The TMJ or Temporo-Mandibular Joint is an anatomical joint where the mandible (the lower jaw) joins the temporal bone of the skull, immediately in front of the ear on each side of your head. A small disk of cartilage separates the bones, much like in the knee joint, so that the mandible may slide easily. Each time you chew, talk, or swallow your mandible moves on the disk. Since you swallow an average of three times per minute and hundreds of times per day, the TMJ is one of the most frequently used joints of the body and also one of the most complex.
What is TMJ and TMJ Treatment?
Many people misuse the term “TMJ” to describe an ailment or pain in the area. TMJ actually refers to the anatomical name of the joint, whereas the diagnostic term for symptoms associated with TMJ disorder is TMD (Temporo-Mandibular Joint Dysfunction).
- Patients with TMD may experience symptoms, such as:
- Jaw pain, clicking, popping, or locking
- Facial pain
- Frequent headaches
- Neck or shoulder pain
- Pain or ringing in the ears (tinnitus)
- Inability to open the mouth very wide
- An uncomfortable “bite”
In most patients, pain associated with the TMJ results when the cartilage disc becomes displaced. Several causes are associated with TMD. Major and minor trauma to the jaw can contribute to TMJ problems. If you habitually clench or grind your teeth, you can wear the cartilage lining of the joint and develop TMD as the result. Many people unknowingly grind their teeth and therefore don’t associate symptoms of TMD, such as frequent headaches, with dentistry.
Other factors that may contribute to TMD include chewing gum daily, stress and psychological factors, mal-positioned jaws, and arthritis. Depending on the cause and extent of damage, TMD can worsen if left untreated.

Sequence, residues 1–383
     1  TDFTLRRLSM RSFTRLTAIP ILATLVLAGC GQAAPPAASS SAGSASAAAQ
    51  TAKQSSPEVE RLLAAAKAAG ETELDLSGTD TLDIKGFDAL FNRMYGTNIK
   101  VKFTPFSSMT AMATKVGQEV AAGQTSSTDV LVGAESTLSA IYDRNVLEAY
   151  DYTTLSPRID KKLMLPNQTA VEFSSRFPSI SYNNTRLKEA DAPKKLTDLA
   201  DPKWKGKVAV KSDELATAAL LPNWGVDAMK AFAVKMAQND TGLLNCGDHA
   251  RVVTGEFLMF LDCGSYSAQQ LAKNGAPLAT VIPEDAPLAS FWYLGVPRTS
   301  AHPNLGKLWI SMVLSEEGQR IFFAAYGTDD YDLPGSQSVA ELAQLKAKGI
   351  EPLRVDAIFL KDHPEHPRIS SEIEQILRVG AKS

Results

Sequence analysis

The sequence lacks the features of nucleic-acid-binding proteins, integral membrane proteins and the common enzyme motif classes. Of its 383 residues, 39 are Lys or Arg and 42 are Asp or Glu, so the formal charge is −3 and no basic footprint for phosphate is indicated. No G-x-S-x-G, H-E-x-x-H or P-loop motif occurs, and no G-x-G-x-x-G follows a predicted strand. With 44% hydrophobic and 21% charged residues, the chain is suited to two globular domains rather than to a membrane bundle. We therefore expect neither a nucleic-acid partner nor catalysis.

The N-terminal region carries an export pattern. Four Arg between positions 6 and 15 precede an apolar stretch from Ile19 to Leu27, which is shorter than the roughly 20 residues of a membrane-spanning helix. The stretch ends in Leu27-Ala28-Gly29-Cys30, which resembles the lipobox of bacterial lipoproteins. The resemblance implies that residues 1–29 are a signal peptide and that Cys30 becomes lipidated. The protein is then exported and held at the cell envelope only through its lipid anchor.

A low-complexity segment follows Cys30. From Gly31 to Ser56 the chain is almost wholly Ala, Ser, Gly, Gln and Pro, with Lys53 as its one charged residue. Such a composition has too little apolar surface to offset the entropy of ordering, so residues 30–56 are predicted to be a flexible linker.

Diagnosis and Treatment
Proper diagnosis of TMJ dysfunction begins with a detailed history and physical, including a careful assessment of the occlusion (bite), jaw joints, and associated muscles. If diagnosed early, you may be able to self-remedy the disorder by eating soft foods, avoiding chewing gum, and relaxing the muscles with moist heat (1/2 hour twice daily). Other early treatment methods may include relaxation techniques, stress reduction, or medications prescribed by your doctor.
In many cases, Dr. Harden can remedy TMJ dysfunction with a custom-designed occlusal splint. The splint will prevent wear and tear on the joint and also alleviate symptoms associated with clenching and grinding. Orthodontic treatment or bite building may prove helpful, as well. For advanced cases, Dr. Harden may recommend surgery under the care of a specialist.
In the last few years, research has shown that Selective Serotonin Reuptake Inhibitor (SSRI) medications such as Prozac, Paxil, Zoloft, and Celexa may cause or elevate the symptoms of clenching and grinding. This side effect is relatively unknown to physicians, although dentists are increasingly aware of the problem. If your jaw pain/headache symptoms began a few weeks to a month after taking SSRI medications, alert your physician, as the symptoms could be related to the drug.